Cornish Lithium is exploring the possibility of building a new mining industry in Cornwall

 
Courtney Goldsmith
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Cornish Lithium says the high levels come from the interaction of highly saline water and granite under Cornwall
Cornish Lithium says the high levels come from the interaction of highly saline water and granite under Cornwall (Source: Getty)

Cornish Lithium is hoping to bring a historic UK mining hub back to life with what it says is the largest single, unified mineral exploration programme in Cornwall's history.

The private company has today announced it reached an agreement with Canada's Strongbow Exploration to explore for lithium in the English county.

Five years ago, Jeremy Wrathall, chief executive of the company, said he was informed there was lithium in hot spring in Cornwall. "When the electric car revolution started to take off, I started getting very interested in what those high lithium recordings meant," he told City A.M.

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Wrathall established the company in 2016 after research showed there was lithium throughout historic mines in the county and new technology offered the potential to supply batteries for electric cars and power storage.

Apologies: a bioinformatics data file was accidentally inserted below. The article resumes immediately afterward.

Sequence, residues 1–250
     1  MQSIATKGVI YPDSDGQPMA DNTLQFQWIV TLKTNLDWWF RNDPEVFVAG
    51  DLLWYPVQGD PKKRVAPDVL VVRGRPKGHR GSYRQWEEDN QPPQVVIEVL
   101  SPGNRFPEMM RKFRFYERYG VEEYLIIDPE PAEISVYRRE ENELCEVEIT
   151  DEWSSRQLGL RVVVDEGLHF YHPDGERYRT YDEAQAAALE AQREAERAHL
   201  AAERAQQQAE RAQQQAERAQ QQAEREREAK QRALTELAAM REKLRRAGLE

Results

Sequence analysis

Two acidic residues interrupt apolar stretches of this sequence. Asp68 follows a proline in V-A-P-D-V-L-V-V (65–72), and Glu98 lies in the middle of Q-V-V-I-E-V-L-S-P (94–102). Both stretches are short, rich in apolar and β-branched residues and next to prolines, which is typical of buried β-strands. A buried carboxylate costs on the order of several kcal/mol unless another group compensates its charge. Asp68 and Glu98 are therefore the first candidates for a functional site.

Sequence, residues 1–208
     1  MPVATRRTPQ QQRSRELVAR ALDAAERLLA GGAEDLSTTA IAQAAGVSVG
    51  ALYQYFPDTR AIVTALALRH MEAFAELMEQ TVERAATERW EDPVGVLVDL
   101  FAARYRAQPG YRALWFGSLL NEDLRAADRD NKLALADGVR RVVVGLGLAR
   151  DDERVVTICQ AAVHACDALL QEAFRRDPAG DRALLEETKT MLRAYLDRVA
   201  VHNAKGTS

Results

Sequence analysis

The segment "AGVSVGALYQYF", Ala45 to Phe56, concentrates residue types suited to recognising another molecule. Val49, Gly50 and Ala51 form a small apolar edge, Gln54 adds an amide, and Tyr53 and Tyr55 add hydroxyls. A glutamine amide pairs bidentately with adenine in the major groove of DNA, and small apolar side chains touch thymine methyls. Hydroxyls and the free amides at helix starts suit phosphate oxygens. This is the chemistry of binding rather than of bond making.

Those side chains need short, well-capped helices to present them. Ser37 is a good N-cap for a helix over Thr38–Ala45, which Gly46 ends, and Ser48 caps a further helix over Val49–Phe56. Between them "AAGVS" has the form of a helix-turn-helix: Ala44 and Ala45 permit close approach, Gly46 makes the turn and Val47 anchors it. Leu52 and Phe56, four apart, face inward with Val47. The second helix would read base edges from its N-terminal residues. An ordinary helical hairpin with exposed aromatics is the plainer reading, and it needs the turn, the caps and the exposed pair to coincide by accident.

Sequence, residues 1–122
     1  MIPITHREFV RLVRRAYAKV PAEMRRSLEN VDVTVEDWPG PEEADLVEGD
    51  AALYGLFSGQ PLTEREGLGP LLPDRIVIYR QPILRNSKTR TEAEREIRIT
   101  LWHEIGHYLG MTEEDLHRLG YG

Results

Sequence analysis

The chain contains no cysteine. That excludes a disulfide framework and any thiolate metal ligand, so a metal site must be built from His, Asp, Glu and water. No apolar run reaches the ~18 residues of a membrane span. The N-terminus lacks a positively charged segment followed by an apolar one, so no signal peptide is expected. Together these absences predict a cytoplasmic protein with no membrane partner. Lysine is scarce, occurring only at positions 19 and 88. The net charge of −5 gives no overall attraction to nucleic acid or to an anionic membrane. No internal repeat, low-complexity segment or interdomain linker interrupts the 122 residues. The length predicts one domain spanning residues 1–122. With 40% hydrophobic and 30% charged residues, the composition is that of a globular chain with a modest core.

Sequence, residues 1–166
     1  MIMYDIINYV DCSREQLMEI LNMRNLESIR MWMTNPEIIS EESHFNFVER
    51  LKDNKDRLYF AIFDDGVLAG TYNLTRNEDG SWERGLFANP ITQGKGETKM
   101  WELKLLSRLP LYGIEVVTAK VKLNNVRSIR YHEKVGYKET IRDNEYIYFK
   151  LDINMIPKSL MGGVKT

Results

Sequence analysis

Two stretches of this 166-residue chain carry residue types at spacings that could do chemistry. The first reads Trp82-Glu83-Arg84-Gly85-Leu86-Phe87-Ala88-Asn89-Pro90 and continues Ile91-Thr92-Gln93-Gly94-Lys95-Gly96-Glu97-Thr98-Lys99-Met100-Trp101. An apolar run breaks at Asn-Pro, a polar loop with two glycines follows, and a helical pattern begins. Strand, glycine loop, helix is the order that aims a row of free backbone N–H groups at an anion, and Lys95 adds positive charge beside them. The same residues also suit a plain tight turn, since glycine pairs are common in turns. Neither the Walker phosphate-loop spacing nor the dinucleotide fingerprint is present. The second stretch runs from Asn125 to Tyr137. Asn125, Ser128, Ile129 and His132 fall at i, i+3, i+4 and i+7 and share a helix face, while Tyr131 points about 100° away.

With Strongbow, who agreed to give Cornish Lithium the rights to extract lithium and geothermal energy, the company plans to explore the potential of a new mining industry in the South West over the next two to three years.

If successful, Wrathall, a mining engineer who has also worked in investment banking, said he hopes to be producing lithium within the next five years.

"It coincides perfectly with when electric cars are really set to kick off."

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Wrathall said he hopes to float his company on the London Stock Exchange at some point over the next two years, and it is looking to identify funding sources to provide around £5m in the exploration phase.

"One important distinction is this is not a traditional mining project," Wrathall said. The drilling will have a low environmental footprint and people will see little on the surface, he added.

"All the while you'll be producing a metal with lots of green potential for the UK."

In a statement after the announcement he said the project, if successful, will "give the country significant strategic advantages in a world increasingly focussed on zero emissions and renewable power".

“We believe this is a hugely exciting opportunity to put Cornwall back on the map as a mining centre as well as develop a new industry in the UK. We look forward to providing further updates as the project develops.”

The government has defined lithium, most of which comes from South America, Australia and China, as a metal of strategic importance.

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